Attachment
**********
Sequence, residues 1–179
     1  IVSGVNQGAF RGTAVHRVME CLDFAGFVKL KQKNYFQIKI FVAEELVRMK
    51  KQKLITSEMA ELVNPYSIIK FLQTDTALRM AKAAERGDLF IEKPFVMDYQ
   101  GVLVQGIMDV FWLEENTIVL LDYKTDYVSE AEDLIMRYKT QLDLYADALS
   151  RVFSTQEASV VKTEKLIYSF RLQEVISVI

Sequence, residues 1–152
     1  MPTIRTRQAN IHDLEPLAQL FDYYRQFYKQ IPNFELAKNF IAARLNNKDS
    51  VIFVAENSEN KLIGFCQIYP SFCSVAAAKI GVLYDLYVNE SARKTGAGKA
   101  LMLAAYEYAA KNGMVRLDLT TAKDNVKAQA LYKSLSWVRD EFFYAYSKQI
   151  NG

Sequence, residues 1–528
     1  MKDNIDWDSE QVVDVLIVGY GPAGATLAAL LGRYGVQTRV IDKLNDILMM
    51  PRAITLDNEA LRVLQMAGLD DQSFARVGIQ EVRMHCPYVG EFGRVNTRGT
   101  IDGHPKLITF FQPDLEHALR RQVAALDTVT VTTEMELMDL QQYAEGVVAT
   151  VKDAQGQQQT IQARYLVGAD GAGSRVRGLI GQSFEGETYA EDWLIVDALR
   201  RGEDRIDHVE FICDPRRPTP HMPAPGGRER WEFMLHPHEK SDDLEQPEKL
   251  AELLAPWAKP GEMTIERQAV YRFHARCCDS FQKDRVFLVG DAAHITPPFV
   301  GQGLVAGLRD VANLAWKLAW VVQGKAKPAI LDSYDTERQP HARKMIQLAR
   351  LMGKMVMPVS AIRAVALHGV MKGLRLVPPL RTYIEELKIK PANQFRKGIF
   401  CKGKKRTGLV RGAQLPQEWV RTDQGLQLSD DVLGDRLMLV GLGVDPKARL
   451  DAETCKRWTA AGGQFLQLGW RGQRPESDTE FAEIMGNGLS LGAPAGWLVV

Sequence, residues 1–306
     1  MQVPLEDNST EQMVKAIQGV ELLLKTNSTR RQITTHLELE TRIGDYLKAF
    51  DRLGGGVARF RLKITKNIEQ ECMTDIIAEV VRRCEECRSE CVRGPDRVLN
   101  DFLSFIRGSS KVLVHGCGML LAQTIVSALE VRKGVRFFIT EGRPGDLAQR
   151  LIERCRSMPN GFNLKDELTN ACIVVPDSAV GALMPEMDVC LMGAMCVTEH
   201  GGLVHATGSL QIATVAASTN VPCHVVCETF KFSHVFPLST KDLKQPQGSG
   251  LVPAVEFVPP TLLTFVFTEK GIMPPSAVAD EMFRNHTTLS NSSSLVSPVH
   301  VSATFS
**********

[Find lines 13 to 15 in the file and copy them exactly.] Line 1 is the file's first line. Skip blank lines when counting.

    51  PRAITLDNEA LRVLQMAGLD DQSFARVGIQ EVRMHCPYVG EFGRVNTRGT
   101  IDGHPKLITF FQPDLEHALR RQVAALDTVT VTTEMELMDL QQYAEGVVAT
   151  VKDAQGQQQT IQARYLVGAD GAGSRVRGLI GQSFEGETYA EDWLIVDALR